Function Generator Applications

Discussion in 'General Electronics Chat' started by someonesdad, Jul 9, 2009.

  1. someonesdad

    someonesdad Thread Starter Senior Member

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    I am working on a document that discusses function generators and arbitrary waveform generators. It is aimed roughly at folks in technician and beginning engineering/science positions. It acknowledges the usefulness of function generators for a variety of tasks, looks at the DDS method of waveform generation (probably used in most modern equipment), and shows some typical applications.

    I'd like to ask this group of experts for some suggestions about interesting uses of these instruments. My goal is to make the examples interesting, practical, and accessible to the average reader. Here are the example applications I have either worked on so far or am considering (they generally assume the use of a scope):

    1. Troubleshooting: identifying a bad subsystem in a system by injecting a signal into the first subsystem and checking its output, moving to the next subsystem and repeating.
    2. Same as previous, but starting from the last subsystem and working backwards.
    3. Measuring the ESR of a capacitor in circuit (can use an AC voltmeter instead of the scope).
    4. Time domain reflectometry: I show scope traces of reflected pulses in a network cable.
    5. Response testing by sweeping.
    6. Response testing using square waves, pulses, and noise.
    7. How to use a power supply to change the DC offset of a function generator.
    The examples are practical and, where possible, show the results of building the indicated circuit and making the measurements shown.

    I'm aware of B&K's old function generator guidebook and I've looked at a few Agilent and Tek app notes.

    I look forward to your creative ideas!
  2. Mass

    Mass Member

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    This is more frequency related, but I used to work with a laser that could only read frequencies up to 20kHz. We were tuning oscillators in MHz, so we would need to use a generator to output the nominal frequency of the oscillator and subtract the actual oscillator frequency. We would then take the mixed frequency, now in kHz, and supply it to the laser so it could trim it to its target frequency.
  3. Bill_Marsden

    Bill_Marsden Moderator Staff Member

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    Triangle waves are the basis of linear PWM modulation, especially class D audio amps. This is very similar to the system computers use on their audio output, I believe.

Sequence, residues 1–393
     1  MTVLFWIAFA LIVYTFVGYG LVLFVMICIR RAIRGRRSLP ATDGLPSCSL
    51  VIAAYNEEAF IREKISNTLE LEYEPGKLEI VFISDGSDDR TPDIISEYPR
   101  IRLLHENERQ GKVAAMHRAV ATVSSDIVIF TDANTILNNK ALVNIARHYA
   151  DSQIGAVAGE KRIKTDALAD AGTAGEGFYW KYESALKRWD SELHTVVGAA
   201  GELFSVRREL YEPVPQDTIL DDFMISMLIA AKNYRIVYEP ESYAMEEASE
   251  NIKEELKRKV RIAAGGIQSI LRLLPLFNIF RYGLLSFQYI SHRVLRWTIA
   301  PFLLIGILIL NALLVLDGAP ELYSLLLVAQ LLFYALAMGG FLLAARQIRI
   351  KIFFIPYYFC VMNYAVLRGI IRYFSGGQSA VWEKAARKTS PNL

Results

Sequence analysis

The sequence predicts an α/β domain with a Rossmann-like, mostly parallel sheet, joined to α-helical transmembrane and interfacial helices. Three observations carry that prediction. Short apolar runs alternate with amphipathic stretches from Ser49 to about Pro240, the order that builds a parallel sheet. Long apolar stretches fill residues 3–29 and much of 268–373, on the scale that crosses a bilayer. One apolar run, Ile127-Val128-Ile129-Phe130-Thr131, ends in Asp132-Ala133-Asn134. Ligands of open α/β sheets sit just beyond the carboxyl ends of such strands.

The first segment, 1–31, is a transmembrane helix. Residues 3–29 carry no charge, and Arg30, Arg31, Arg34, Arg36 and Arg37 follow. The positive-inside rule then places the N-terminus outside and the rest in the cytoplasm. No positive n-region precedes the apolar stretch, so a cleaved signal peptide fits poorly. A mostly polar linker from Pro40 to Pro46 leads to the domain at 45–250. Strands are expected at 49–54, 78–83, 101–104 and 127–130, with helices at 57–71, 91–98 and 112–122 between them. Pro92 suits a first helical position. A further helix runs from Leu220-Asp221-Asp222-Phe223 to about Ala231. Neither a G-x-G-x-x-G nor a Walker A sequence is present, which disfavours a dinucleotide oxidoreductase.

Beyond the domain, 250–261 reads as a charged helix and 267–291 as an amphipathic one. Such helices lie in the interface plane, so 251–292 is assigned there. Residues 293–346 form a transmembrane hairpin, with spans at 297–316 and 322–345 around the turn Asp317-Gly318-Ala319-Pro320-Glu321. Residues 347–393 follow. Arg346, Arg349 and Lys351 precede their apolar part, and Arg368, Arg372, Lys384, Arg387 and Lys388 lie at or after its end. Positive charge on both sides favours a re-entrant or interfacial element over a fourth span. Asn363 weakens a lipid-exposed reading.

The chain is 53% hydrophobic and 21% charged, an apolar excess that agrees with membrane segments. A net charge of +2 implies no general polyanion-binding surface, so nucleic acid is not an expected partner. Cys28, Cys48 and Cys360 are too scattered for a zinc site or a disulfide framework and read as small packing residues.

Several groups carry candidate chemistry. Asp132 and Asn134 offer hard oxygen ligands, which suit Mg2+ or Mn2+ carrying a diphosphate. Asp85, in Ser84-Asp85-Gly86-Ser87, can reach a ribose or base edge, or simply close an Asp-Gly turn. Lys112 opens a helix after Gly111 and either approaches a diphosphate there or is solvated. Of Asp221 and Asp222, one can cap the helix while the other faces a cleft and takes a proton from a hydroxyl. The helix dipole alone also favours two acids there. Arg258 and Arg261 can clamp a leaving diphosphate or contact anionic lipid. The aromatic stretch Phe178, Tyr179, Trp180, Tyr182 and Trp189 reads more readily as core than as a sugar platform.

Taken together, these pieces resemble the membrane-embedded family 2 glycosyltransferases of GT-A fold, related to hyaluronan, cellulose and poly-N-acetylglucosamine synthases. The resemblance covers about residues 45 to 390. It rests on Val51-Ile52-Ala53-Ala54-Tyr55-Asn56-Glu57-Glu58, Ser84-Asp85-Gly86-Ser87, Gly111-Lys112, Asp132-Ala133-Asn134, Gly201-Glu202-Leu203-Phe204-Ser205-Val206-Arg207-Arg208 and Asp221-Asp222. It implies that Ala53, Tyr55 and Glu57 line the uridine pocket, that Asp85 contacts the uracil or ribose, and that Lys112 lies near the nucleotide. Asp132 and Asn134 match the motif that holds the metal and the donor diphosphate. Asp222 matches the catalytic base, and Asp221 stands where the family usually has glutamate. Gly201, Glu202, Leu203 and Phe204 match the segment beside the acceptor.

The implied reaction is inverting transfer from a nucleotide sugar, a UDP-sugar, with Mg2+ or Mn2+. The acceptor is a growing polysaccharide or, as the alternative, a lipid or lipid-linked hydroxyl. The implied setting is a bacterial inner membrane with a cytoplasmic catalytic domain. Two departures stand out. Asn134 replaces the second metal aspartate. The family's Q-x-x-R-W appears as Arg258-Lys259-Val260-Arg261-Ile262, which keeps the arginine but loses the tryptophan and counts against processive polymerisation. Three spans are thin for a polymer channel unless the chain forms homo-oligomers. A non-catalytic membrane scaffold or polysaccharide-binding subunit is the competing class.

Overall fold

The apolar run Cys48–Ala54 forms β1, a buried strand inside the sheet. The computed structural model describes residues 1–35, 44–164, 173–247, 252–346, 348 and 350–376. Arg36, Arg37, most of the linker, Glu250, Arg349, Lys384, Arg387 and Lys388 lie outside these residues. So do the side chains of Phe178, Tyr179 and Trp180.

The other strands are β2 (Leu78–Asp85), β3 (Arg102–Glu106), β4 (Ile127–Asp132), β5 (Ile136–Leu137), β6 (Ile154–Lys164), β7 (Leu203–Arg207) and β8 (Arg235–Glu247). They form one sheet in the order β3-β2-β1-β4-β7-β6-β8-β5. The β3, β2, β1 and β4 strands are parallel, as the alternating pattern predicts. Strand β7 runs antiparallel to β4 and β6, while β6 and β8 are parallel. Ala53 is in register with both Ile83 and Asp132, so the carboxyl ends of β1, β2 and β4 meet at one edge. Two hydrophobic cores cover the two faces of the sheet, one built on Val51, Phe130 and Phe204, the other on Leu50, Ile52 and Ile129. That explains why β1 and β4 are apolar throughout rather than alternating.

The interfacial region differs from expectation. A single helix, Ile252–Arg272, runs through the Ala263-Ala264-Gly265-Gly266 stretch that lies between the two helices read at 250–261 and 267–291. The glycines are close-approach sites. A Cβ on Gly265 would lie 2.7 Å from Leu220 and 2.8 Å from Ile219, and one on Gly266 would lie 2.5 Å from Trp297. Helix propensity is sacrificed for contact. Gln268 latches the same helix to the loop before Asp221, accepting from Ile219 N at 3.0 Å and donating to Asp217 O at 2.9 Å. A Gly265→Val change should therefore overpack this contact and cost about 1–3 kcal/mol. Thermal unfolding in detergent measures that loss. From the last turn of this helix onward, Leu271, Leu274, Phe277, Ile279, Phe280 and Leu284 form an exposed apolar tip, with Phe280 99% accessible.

I have an ongoing thread that has been temporarly shelved, until I try some new experiments...

    http://forum.allaboutcircuits.com/showthread.php?t=12405
  4. someonesdad

    someonesdad Thread Starter Senior Member

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    I've never heard of a laser "reading" a frequency; does this mean you could modify its output by inputting a signal?

    Do I understand you to mean you used the function generator to generate some waveform which you then mixed with another signal, then used the difference between the oscillator's signal and the function generator's signal to tell the laser how it should be tuned? This implies your mixing circuit had some kind of nonlinear behavior to get the difference, right?

    Bill, you'll have to educate me some more. What function generator application are you recommending -- using triangle waves for doing PWM?

    I'm gonna be away from the computer for a few days beginning tomorrow, but I'll be interested in others' inputs.
  5. studiot

    studiot E-book Developer

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    Your applications list is biased heavily towards servicing/fault finding activities.

    Function generators are just the modern development of signal generators and can be (and are) used whereever these may have been used in the past.

    One field you have overlooked is development. Of mechanical systems, electronic sytems, etc.

    So they can provide the driving signal for the development of loudspeakers, radar, navigation systems, vibration analysers and counteracters...........

    They are particulary useful when combined with a gating system so that a train of a fixed sequence of pulses may be produced. This includes one shot mode. You should also mention trigger modes.

    Finally I am sure that AAC would be interested in at least part of your document if you were prepared to publish here as well.